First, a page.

SAN FRANCISCO — PG&E Corporation shared the following statement from CEO Patti Poppe today, Friday, Sept. 24, 2021 regarding criminal charges filed by the Shasta County District Attorney’s office related to the September 2020 Zogg Fire. The utility company was charged with involuntary manslaughter in the deaths of four people, and other felonies and misdemeanors for the Zogg Fire and other fires that started in the county over the last year and a half. Shasta Co DA PGE-court-docs
“We are all devastated by the effects of wildfire here in California. My heart aches. I have seen firsthand how devastating it is and have spoken with many of those most harmed. These communities are the hometowns where my coworkers live and work, too. While I am new to this environment, I hope my heart never becomes hardened to the devastation that catastrophic wildfire can cause.
I came to PG&E to make it right and make it safe, which is a commitment that my 40,000 coworkers and contract partners all share. We’ve already resolved many victim claims arising from the Zogg Fire, along with the claims by the counties of Shasta and Tehama. And we are working hard to resolve the remaining claims.
We’ve accepted CAL FIRE’s determination, reached earlier this year, that a tree contacted our electric line and started the Zogg Fire. We accept that conclusion. But we did not commit a crime.
Today’s climate and unprecedented drought have forever changed the relationship between trees and power lines. And please know we’re not sitting idly by. We have established a new standard for our lines and the vegetation near them because it poses such a real risk to our communities.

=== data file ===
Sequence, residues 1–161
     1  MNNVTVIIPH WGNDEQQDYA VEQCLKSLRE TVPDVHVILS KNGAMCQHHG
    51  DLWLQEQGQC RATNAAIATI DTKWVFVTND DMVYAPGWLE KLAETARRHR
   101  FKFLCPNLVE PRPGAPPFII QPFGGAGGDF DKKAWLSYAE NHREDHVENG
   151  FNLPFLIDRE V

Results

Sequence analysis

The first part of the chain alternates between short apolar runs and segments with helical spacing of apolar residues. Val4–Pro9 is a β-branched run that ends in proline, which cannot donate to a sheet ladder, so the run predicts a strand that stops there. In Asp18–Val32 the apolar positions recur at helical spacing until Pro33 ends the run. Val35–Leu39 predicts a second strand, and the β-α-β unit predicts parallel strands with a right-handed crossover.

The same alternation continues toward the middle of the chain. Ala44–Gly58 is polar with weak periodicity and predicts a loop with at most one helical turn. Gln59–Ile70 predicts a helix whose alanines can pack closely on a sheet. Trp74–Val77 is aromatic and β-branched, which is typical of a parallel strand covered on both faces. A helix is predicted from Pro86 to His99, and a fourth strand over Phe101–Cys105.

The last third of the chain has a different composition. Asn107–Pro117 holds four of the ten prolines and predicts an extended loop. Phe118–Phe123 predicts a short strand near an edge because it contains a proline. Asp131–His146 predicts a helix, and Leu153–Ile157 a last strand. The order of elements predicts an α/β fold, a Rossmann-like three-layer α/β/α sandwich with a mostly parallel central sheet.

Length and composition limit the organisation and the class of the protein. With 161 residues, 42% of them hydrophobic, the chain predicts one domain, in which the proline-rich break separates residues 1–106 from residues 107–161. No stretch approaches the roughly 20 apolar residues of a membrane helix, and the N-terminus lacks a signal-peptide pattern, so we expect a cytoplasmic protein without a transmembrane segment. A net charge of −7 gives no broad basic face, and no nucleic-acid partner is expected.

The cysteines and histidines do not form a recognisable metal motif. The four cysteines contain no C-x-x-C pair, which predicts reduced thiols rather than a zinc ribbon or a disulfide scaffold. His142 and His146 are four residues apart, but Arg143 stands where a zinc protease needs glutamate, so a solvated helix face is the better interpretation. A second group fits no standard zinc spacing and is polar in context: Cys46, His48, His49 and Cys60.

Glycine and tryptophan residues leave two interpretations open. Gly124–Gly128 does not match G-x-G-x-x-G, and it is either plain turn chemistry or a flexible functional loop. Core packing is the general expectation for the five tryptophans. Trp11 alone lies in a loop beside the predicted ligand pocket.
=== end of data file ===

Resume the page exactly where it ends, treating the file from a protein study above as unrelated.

For example, on the Zogg Fire, the tree that started the fire is one of over 8 million trees within striking distance to our lines. Here are a few other facts.
Between October 2018 and last year’s Zogg Fire:
- Two trained arborists walked this line and independent of one another determined the tree in question could stay.
- We trimmed or removed over 5,000 trees on this very circuit alone.
- This year we will remove 300,000 trees statewide.
This vital safety work is all done by real people who are trying every day to do the right thing. Trained, professional people – my PG&E coworkers and our extended contractor family. Arborists, specifically, are trained professionals and sometimes, just like doctors or architects, they can have professional differences. There will be debates about the facts around the tree that started the Zogg Fire. Professional debate in the service of doing what is right and continuously improving.
This was a tragedy, four people died. And my coworkers are working so hard to prevent fires and the catastrophic losses that come with them. They have dedicated their careers to it, criminalizing their judgment is not right. Failing to prevent this fire is not a crime.
Right now, PG&E is:
- Investing more than $1.4 billion this year alone in vegetation management;
- Removing 300,000 trees and trimming 1 million more;